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Cite as: (1881-82) LR 7 App Cas 518, [1881] UKHL 2, (1881) 8 R 1006

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20 July 1881

Shotts Iron Co.

1006 CASES DECIDED IN THE [fourth series

No. 182.

July 20, 1881.

Inglis v. Shotts Iron Co.

Right Honourable John Inglis, Pursuer.-D.-F. Kinnear-Sol.-Gen.

Balfour-Trayner-Graham Murray.

Shotts Iron Company, Defenders.-Asher-Mackintosh-

J. P. B. Robertson.

Nuisance-Property-Calcining Ironstone.-A mining company leased the coal and ironstone on an estate, subject to the condition that they should not conduct any operations within a certain area (which extended about two miles from the mansion-house). They thereafter commenced calcining ironstone in bings at places beyond this area, near their march. The proprietor of the adjoining estate raised an action concluding for interdict against the company calcining within two miles of his lands, on the ground that the smoke from their bings was destroying the trees in his plantations. Held, after a proof, (1) that the pursuer had proved that his plantations had been injured by the defenders' operations ; and (2) that he was entitled to interdict to prevent the defenders calcining within one mile of his march.

* Decided July 5, 1881.

vol. viii.] COURT OF SESSION, &c. 1007

No. 182.

July 20, 1881.

Inglis v. Shotts Iron Co.

2d Division.

Lord Ruther-furd Clark. M.

Diss. Lord Young, who was of opinion that further evidence should have been taken as to whether the places for the calcining bings had not been conveniently and reasonably chosen, having regard to the interests of the company as well as of the neighbouring proprietor.

The Shotts Iron Company became, by a series of leases between 1865 and 1873, lessees of the coal and ironstone and other minerals on the estates of Penicuik, Dryden, and Loganbank in the county of Midlothian. The minerals on these estates were of great value and large extent, and the leases were all of long duration. After the company had expended upwards of £50,000 in workmen's houses, water-works, railways, and other preparations, they, in March 1877, commenced calcining the ironstone raised from the estate of Penicuik at a point on that estate situated near to where it inarched with the estates of Glencorse and Belwood, the properties immediately to the north-east of Penicuik estate. The bing erected at this spot continued to burn until the end of April, emitting during that period considerable quantities of smoke. The Eight Honourable John Inglis, the proprietor of Glencorse and Belwood, through his agents, complained to the company that the result of the smoke from their calcining bing was to injure his plantations on these estates, and called upon them to desist. The company having, however, during the summer of 1877, constructed another bing on the same site, and also prepared other bings at no great distance, he, in October 1877, presented a note of suspension and interdict in the Court of Session against these bings being ignited. On 8th October interim interdict was granted. The Shotts Company lodged answers to the note, and on 27th November the note was passed and the interim interdict continued, and a record made up between the parties. A proof was in due course taken by the Lord Ordinary (Young), after which the Shotts Company, in March 1878, lodged a minute, in which they stated that " it was, and had always been, their intention to confine their calcining operations, in conformity with the usual custom, to the winter months, and that they hereby undertake to confine their calcining operations at the place mentioned in the prayer of the note of suspension and interdict to the months of November, December, and January in each year."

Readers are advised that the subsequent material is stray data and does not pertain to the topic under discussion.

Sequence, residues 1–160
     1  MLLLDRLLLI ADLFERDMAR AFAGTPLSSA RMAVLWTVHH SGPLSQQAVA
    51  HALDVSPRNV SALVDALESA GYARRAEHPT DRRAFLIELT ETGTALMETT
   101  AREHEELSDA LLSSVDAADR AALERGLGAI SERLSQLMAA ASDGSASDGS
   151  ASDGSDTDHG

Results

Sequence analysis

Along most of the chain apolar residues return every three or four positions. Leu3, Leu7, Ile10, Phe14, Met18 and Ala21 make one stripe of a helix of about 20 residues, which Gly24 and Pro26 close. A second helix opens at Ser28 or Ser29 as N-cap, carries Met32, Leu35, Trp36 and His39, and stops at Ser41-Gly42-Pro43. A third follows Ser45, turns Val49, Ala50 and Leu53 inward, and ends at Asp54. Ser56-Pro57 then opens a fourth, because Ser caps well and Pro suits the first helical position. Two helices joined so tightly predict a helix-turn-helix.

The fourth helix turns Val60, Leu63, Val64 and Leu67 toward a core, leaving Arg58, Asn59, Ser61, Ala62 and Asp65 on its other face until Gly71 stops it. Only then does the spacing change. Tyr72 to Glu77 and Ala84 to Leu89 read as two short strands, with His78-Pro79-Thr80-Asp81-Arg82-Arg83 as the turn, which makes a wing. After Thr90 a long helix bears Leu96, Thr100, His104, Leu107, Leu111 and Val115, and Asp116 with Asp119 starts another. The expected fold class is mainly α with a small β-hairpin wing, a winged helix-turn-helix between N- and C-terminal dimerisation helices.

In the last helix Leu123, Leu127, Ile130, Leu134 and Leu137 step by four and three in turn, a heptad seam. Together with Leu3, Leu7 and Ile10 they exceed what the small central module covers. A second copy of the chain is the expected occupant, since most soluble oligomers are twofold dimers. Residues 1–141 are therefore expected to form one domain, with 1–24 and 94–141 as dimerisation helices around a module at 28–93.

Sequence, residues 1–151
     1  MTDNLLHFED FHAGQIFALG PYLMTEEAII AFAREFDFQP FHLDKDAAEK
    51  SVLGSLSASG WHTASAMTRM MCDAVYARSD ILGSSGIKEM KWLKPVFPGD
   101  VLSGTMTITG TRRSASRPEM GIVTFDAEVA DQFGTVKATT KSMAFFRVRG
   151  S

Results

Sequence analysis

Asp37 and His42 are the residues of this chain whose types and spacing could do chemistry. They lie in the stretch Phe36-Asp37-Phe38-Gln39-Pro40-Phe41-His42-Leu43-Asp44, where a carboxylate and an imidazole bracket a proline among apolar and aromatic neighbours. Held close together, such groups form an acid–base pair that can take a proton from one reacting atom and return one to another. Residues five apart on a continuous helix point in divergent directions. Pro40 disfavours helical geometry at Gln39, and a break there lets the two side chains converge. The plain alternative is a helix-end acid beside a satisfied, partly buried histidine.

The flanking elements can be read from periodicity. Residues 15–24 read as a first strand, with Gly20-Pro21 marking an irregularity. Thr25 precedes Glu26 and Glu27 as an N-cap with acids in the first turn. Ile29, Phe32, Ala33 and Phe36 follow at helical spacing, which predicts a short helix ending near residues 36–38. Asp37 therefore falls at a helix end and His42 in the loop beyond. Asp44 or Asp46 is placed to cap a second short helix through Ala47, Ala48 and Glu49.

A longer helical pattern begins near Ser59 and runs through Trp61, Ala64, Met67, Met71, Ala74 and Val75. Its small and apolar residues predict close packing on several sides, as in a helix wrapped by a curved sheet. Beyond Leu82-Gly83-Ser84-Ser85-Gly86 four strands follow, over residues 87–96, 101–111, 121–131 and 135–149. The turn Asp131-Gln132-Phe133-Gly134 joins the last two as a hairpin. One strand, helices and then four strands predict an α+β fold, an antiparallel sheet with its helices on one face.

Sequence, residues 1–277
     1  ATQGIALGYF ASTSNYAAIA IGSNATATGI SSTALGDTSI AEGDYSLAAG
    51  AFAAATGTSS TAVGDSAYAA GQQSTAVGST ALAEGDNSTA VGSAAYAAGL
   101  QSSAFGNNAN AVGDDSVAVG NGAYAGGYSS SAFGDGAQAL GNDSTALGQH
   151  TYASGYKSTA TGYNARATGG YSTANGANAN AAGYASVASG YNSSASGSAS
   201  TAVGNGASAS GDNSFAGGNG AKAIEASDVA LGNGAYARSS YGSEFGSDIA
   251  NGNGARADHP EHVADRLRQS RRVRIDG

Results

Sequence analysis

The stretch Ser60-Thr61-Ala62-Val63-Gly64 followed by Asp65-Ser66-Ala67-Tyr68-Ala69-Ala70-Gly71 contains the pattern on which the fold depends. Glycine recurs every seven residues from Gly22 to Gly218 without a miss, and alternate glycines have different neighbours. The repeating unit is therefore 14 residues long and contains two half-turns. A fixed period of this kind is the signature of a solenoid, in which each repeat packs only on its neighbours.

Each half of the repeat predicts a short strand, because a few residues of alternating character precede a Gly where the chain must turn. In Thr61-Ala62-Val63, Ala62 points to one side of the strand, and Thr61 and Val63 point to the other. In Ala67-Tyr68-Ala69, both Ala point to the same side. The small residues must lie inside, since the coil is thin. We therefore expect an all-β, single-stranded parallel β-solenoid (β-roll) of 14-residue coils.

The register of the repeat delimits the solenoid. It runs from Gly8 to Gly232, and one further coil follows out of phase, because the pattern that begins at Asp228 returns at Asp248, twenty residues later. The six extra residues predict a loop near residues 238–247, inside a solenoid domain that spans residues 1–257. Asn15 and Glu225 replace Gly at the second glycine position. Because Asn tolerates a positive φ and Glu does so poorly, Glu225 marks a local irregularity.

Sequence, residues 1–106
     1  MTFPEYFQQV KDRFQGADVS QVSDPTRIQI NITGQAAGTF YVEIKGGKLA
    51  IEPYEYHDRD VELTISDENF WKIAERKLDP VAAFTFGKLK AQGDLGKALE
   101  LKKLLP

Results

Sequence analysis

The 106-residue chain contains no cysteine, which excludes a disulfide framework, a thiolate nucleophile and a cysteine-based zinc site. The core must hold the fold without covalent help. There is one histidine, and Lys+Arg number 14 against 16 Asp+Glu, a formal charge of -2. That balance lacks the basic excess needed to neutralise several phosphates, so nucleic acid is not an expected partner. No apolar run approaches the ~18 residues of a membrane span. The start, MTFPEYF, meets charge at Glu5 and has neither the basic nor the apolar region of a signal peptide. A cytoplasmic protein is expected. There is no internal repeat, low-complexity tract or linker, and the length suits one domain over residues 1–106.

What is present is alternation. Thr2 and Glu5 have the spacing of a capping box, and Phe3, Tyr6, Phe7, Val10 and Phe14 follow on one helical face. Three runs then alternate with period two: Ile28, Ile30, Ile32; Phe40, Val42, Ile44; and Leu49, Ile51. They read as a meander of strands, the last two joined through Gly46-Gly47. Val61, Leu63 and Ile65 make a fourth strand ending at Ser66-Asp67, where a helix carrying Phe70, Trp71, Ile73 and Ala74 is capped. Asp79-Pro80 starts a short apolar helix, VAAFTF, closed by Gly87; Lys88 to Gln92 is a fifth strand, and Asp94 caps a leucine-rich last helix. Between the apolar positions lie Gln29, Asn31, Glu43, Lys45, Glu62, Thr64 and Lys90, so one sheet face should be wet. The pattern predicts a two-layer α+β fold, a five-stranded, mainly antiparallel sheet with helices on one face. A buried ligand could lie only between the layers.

The proprietor of Glencorse thereafter lodged a minute, in which, in respect of the above minute of the company, he stated that he no longer pressed for interdict, but reserving all claims for damages, past and future, from calcining, and also reserving his right to apply for interdict against the company calcining during the months to which they now restricted themselves should the calcining become injurious to his property or a nuisance to himself.